Sunday, June 26, 2016

Krugman Might Be Wrong On Multipliers

See On the Alesina Hypothesis by Greg Mankiw. He responded to something Krugman said about an article that Mankiw wrote in the NY Times last Sunday. First an excerpt from that article. Then the more recent post from Mankiw.
"When Barack Obama took office in 2009, the economy was in the midst of the Great Recession. President Obama’s advisers relied on standard Keynesian theory when they proposed a large increase in government spending to energize the economy. The stimulus package was the administration’s first economic policy initiative. As the economy recovered, the administration supported tax increases to shrink the budget deficit.

But even at the time, there were reasons to doubt this approach. A 2002 study of United States fiscal policy by the economists Olivier Blanchard and Roberto Perotti found that “both increases in taxes and increases in government spending have a strong negative effect on private investment spending.” They noted that this finding is “difficult to reconcile with Keynesian theory.”
Consistent with this, a more recent study of international data by the economists Alberto Alesina and Silvia Ardagna found that “fiscal stimuli based on tax cuts are more likely to increase growth than those based on spending increases.”"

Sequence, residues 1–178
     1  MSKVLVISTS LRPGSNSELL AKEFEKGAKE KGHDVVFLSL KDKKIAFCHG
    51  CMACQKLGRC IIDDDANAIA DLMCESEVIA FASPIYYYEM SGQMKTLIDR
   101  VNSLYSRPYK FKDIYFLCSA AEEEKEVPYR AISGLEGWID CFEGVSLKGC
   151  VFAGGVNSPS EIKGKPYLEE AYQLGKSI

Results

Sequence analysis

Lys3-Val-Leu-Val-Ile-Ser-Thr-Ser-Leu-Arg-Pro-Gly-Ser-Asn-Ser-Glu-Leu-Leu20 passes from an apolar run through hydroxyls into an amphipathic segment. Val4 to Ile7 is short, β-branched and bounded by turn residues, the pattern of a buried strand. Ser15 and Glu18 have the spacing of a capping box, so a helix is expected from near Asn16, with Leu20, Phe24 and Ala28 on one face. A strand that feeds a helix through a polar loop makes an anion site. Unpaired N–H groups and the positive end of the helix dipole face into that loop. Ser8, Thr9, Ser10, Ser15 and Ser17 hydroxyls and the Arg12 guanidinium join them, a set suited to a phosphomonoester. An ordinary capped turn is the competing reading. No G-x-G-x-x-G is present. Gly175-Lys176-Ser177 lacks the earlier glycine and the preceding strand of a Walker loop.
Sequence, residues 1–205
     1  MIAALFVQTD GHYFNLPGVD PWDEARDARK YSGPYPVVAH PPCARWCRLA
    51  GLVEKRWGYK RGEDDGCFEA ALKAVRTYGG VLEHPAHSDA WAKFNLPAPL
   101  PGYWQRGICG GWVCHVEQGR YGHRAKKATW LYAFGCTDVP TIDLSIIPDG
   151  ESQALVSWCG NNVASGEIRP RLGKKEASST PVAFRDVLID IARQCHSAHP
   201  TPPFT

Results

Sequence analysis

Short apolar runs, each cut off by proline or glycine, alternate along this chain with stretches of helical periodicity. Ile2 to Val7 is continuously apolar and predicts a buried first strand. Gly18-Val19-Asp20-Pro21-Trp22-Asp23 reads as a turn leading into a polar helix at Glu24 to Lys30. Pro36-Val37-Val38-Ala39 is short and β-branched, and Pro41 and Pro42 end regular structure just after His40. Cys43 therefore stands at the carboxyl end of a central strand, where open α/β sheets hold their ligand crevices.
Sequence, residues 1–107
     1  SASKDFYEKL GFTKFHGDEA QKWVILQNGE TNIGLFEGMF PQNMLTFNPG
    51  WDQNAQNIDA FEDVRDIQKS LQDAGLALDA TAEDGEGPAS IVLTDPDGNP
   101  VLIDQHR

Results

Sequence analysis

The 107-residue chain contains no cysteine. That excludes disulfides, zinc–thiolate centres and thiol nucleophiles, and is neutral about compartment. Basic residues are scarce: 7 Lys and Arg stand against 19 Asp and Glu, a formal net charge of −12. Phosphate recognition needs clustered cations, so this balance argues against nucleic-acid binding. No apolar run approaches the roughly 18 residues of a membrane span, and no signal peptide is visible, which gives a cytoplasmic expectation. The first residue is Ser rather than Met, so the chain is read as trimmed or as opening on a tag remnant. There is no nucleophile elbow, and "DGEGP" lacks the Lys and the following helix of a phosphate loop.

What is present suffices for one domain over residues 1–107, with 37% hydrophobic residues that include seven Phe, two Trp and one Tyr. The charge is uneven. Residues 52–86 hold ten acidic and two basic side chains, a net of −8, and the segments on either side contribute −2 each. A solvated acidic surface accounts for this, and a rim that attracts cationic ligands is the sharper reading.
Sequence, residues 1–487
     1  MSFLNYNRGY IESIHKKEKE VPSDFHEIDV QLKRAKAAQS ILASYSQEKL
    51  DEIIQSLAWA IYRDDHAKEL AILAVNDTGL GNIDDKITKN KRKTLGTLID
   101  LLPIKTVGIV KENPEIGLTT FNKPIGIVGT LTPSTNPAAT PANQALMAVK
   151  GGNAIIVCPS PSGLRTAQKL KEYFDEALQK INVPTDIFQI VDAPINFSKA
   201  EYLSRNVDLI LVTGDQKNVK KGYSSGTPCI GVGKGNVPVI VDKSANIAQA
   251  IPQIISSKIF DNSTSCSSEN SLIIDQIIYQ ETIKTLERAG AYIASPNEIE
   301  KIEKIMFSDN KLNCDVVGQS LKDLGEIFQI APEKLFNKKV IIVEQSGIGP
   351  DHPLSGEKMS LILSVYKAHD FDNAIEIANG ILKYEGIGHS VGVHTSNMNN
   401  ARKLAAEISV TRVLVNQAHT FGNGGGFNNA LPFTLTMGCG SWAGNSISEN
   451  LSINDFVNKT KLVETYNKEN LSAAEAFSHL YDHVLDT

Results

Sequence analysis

Now the newer post:
"In my  recent NY Times article, I explored several hypotheses to explain slow growth. One was based on work by Alberto Alesina and Silvia Ardagna suggesting that the standard Keynesian view of tax and spending multipliers is inconsistent with the international evidence. 

Paul Krugman says the Alesina-Ardagna work has been "refuted."  Nothing could be further from the truth.  See this recent paper by Alesina, Favero, and Giovazzi on fiscal consolidations, which reports evidence consistent with the earlier work and is forthcoming in the peer-reviewed Journal of International Economics.  (By the way, this work is also consistent with the Romers' finding of large tax multipliers, much larger than the literature finds for spending multipliers.)

To be sure, these issues continue to be debated. Remember: My piece was presenting hypotheses about what has been happening in the economy, not taking a stand about which one is right. From my perspective, the Alesina work suggests a still plausible hypothesis."

No comments:

Post a Comment